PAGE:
BYRNES: One Big Chemistry Lab

Someone asked me the other day, “If you could pair up any driver and crew chief in the NASCAR Sprint Cup Series garage, who would you choose?”

That’s a tough question but also an interesting one, because in a way, the NASCAR garage is one big chemistry lab. Success inside those gates is all about putting the right formula together and hoping it doesn’t blow up in your face.

A couple of existing driver/crew chief combinations have impressed me immensely in 2013.

Richard Childress Racing driver Paul Menard still is hanging tough inside the top 10 in points nearly halfway through the regular season. Many people thought he and his Slugger Labbe-led team would have faded by now as they’ve done in past years. Their MO in recent seasons was to come out of the gate strong the first part of the season but fade down the stretch. They’ve broken with tradition thus far in the 2013 season, though, and are doing an excellent job of staying near the front.

Both have readily admitted they’ve started the season off well the last couple of years and then fallen back. As a result, Slugger has been saying his mantra is “maximum points every week.” To that end, they’re planning to test at tracks they really need to improve. They’re testing at Pocono, Kentucky and a road course in June – that’s a ton of testing time. But it goes to show how committed they are to turning the tide this year.

A big component of their success this season is their solid chemistry. This is Menard and Slugger’s fourth year together, and with each passing season, they develop a better understanding of each other and what Menard wants and needs in a race car. They’re also best friends who truly enjoy each other’s company, which goes a long way in the success department in NASCAR. In my book, Menard’s No. 27 team is one of the biggest surprises of the year. We all thought they’d be outside the top 10 by now, but they’ve shocked a lot of folks. It will be quite interesting to follow this team during the summer stretch to see if they can maintain their momentum.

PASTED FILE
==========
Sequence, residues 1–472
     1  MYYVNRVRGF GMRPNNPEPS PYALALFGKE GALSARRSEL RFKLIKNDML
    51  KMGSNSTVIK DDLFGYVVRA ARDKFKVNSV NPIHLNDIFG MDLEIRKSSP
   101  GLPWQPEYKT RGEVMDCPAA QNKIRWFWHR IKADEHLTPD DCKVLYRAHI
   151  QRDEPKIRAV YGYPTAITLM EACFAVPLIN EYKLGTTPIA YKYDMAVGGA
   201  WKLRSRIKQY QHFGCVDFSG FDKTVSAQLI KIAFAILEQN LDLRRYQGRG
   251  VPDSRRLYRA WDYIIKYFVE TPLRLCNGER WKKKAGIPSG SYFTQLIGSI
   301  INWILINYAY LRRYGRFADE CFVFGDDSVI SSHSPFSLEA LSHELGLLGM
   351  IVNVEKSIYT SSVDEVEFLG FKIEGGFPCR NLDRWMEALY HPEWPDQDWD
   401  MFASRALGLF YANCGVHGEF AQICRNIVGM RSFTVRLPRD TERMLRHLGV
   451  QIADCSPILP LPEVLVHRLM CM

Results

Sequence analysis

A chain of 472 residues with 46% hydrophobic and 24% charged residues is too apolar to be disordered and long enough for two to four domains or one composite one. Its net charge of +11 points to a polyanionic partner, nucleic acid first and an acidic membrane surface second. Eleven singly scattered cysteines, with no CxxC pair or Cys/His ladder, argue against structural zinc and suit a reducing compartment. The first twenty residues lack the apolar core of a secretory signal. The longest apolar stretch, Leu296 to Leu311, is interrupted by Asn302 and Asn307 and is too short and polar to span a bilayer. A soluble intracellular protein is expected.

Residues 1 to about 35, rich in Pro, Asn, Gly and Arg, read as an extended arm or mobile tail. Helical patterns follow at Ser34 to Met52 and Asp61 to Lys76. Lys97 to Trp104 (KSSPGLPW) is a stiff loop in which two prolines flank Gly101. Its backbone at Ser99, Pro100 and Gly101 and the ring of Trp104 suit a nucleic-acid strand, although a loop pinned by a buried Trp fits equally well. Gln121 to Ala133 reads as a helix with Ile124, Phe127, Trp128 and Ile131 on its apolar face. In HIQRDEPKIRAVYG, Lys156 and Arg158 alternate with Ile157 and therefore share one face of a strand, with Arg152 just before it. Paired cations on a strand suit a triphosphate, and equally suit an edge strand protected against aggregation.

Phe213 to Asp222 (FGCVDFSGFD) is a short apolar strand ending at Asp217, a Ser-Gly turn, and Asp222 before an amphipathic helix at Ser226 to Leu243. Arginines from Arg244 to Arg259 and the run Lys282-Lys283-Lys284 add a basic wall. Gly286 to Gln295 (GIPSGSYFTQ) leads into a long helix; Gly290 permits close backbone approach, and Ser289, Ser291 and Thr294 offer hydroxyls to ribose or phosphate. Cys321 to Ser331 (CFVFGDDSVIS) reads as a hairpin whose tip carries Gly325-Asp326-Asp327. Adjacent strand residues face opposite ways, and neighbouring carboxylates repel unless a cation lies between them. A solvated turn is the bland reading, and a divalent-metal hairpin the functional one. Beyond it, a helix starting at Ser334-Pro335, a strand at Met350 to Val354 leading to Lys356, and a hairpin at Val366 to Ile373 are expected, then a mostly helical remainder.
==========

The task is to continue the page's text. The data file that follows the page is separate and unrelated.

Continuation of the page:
Another combination that has surprised me with its quick strength is Carl Edwards and Jimmy Fennig at Roush Fenway Racing. I spoke to Edwards one night after Daytona testing in January, when he was just getting to know Fennig and spending some time with him. Edwards said, “Dude, he scares me. He’s a no ‘BS’ guy. He just gave me a speech about his expectations and what should be a priority.” I think Fennig’s take-charge manner caught Edwards a bit off guard, but it seems to be just what the driver needed.

I asked Jack Roush about this pairing recently on NASCAR Race Hub and he said Edwards is more engaged with Fennig in the process of making the car fast than he was with his former crew chief, Bob Osborne. Osborne would say, “This is what we’re doing,” and Edwards would say, “Okay.” But now the driver is more involved in the decision-making process. Edwards has a ton of respect for Fennig, who is an old-school guy that wants his team managed a certain way. He doesn’t apologize for being tough and demanding, and Edwards has responded well to that approach. The proof is in the points – Edwards is second – only 32 points behind leader Jimmie Johnson. He already has a win and could have won Talladega had the sun not come back out. After the No. 27 team, I’d say Edwards and Fennig are one of the biggest surprises of 2013.

Back to the original question, if I could place any driver and crew chief together who aren’t already teamed up, I’d select Brian Pattie and Ryan Newman. Newman has an engineering degree and is very analytical, and while Pattie doesn’t have an engineering background, he also is quite analytical. Pattie is one of the most underrated crew chiefs in the garage area and has very good seat-of-the-pants feel for calling races. It would be quite interesting to see what those two could do if given the chance together.